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TematicheCina e Indo-PacificoBeijing's development finance as part of China hegemonic behavior

Beijing’s development finance as part of China hegemonic behavior

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China’s global rise in terms of economic engagements with the world are not only due to its financial lending, but it has gone on to incorporate many other critical factors within the framework of developmental finance as well. Most notably among them are the «Currency Swap agreements», which are bilateral agreements between two countries that facilitate the exchange of one currency for another at an already decided exchange rate.

In 2021, a report sourced by the People’s Bank of China (PBOC) claimed that China has swap facilities with more than 40 countries around the world and has agreed to over 4 trillion-yuan (US$570 billion) worth of deals with its partners. This line of deals is proving to be a significant part of Chinese economic coercive strategy. By the same token, these agreements are also an attempt by Chinese authorities to internationalize the currency in order to destabilize the stronghold of the dollar in the international market. However, Beijing’s methods have so far been understood to be problematic for various reasons.  In the last ten years, China has widely gained significant leverage against independent countries and their autonomous decision-making processes. Through currency-swap agreements, Beijing has provided liquidity and financial support to indebted countries, especially those facing currency or balance of payment crises. This kind of support has been understood to be in the form of economic assistance and has majorly created dependencies and influenced the recipient countries economic policies that favor the lender. 

Above and over such attempts, by engaging in currency-swap deals Beijing has also deepened its economic ties with developing countries to extend its political influence in domestic policy-oriented decision making. Major concerns have also been raised upon the fact that China has attached a set of stringent conditionalities to currency-swap deals that benefit its own interests and promote its preferred policies. These conditions have been understood to range from economic reforms to political alignment and support for China’s positions on complex issues. This has not only undermined the sovereignty and independence of the recipient country, but it has also led to widespread concerns about long-term economic and political repercussions for the international market as a whole. Beijing’s broader economic engagement has also solidified concerns about debt sustainability in recipient countries. Such concerns are also about debt trap diplomacy and unsustainable debt burdens that have so often extended to financial arrangements such as currency swaps agreements. However, the larger aim of such strategies still remains to internationalize its domestic currency, the Chinese Yuan. Experts have argued that the Chinese Communist Party’s efforts to internationalize the yuan are meant to be used as a method to manipulate the value of the yuan for international economic and political gains. By doing so, Beijing would withhold the leverage of its competitive advantage which could also lead it to dictate over other countries economic decisions and force the recipients’ nations into agreeing on stringent conditions for repayments.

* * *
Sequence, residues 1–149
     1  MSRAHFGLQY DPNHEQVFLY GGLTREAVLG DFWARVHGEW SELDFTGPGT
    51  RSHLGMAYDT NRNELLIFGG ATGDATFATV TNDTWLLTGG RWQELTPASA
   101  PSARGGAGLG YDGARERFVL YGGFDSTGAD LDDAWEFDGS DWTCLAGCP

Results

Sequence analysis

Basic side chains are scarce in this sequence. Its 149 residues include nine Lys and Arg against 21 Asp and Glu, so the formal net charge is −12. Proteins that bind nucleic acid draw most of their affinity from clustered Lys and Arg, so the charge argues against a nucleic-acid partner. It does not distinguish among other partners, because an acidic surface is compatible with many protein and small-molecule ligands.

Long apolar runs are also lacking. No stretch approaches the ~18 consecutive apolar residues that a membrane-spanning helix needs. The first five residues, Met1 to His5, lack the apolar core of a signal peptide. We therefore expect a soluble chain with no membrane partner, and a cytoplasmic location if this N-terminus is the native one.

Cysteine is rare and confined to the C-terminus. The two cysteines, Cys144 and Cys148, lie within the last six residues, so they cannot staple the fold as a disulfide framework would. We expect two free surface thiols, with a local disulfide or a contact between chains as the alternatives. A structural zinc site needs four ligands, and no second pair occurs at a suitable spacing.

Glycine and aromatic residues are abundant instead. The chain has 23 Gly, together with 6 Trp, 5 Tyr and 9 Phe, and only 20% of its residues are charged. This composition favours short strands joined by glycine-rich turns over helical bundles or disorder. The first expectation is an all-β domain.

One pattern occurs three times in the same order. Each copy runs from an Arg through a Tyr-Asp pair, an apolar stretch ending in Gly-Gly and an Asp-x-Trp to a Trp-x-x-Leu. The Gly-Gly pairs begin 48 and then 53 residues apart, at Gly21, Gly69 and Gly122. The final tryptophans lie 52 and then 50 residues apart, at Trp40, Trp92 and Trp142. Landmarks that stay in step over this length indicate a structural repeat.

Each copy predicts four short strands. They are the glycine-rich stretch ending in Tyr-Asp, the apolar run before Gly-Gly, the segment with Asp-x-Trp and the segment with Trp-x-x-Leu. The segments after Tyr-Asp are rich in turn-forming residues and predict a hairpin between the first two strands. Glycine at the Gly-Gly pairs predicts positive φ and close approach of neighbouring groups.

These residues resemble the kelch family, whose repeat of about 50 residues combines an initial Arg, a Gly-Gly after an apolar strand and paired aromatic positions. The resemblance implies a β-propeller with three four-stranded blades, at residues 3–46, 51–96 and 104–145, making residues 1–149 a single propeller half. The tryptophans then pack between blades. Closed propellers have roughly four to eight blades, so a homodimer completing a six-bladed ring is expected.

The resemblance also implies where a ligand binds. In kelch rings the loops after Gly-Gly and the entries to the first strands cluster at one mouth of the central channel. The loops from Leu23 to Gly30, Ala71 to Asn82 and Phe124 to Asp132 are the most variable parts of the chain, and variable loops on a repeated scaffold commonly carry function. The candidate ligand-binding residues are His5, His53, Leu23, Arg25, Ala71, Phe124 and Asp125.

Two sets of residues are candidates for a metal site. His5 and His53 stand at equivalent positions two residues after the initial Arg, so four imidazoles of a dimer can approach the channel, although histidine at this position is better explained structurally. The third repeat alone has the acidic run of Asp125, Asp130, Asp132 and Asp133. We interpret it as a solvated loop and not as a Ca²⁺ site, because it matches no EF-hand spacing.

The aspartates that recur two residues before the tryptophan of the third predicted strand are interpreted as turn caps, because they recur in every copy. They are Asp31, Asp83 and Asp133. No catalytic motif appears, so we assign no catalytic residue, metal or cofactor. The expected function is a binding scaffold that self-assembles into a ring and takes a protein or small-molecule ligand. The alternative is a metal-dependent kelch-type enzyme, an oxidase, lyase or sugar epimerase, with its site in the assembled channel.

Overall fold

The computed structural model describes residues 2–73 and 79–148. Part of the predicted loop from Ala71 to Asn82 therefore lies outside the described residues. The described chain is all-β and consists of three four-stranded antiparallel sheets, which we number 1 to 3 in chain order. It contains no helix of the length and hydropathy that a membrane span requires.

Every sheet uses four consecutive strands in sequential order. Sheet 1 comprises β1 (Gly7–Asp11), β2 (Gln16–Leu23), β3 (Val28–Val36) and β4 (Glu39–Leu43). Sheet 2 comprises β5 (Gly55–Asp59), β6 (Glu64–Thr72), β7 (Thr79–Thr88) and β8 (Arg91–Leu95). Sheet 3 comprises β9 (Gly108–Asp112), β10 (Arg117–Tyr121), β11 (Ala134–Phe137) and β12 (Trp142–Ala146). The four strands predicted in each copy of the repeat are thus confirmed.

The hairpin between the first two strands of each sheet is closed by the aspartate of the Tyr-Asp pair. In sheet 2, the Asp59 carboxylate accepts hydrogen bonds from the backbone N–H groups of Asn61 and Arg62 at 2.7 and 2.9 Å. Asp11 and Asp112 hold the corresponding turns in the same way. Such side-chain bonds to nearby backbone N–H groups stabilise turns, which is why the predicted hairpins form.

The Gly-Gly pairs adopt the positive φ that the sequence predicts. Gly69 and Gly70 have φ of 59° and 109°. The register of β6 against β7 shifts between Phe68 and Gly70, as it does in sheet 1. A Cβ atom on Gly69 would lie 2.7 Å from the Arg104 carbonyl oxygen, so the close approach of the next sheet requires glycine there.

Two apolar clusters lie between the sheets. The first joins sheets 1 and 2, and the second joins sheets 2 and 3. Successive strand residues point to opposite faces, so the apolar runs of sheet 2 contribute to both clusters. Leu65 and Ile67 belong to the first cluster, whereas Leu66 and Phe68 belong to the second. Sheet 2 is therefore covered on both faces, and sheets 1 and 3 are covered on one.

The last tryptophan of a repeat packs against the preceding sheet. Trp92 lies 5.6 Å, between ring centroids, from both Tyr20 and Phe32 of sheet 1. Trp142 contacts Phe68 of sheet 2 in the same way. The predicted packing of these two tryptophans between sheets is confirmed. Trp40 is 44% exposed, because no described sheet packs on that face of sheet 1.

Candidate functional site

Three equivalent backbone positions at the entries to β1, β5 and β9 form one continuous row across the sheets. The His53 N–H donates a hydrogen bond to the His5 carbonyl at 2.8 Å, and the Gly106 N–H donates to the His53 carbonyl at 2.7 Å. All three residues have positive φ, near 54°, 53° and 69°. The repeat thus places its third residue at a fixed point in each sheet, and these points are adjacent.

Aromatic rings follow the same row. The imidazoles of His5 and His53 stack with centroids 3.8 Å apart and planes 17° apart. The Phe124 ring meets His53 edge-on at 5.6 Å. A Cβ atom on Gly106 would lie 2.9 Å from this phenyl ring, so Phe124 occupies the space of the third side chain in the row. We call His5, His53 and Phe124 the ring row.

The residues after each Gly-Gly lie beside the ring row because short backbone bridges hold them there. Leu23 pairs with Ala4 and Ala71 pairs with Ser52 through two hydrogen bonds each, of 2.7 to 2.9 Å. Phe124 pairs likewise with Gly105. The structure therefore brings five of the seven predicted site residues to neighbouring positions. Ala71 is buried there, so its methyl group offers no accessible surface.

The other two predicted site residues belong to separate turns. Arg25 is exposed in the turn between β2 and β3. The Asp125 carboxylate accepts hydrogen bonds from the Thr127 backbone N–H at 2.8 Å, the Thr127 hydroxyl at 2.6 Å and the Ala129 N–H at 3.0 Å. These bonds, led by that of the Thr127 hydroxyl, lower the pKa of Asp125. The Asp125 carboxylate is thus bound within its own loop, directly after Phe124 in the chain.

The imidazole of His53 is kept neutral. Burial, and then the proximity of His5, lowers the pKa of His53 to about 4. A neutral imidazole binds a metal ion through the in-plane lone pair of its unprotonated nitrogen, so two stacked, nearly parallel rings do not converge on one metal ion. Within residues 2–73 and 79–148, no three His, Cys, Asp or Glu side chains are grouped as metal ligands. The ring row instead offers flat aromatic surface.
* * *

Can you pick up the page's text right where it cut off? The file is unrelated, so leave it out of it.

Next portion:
Such Chinese subversive practices combined with its ill-intentioned developmental finances to middle and low-income countries have caused significant concerns to countries and their economic feasibility in repaying high interest loans. As part of safeguarding its international lendings, Chinese lenders have rallied around strict contractual agreements that incorporate hidden debts mechanisms and stricter repayments with higher interest rates than the global market. With the promise of faster access to capital, Chinese developmental banks have been duping weaker economies with enticeful incentives for infrastructural development in lieu of guarantees that its business will be permitted to function as per its convenience. These methods have also led to Chinese multinational companies at times being allowed to override local laws as per its needs. 

In the given scenario, countries struggling to cope with Chinese debt and obligated to sign currency-swap agreements must act promptly to prevent Chinese hawkish behavior upon its sovereign decision-making processes. Especially countries from the developing world must prevent Beijing’s authoritative intentions through economic coercive means from taking shape by calling out its double-faced tactics, aimed to expand its influence through internationalizing its currency. These countermeasures will not only go on to restrict the Party’s hegemonic aspirations, but they will also motivate other economically distressed countries from falling into Chinese dictates in terms of policy decisions that Beijing is attempting to achieve.

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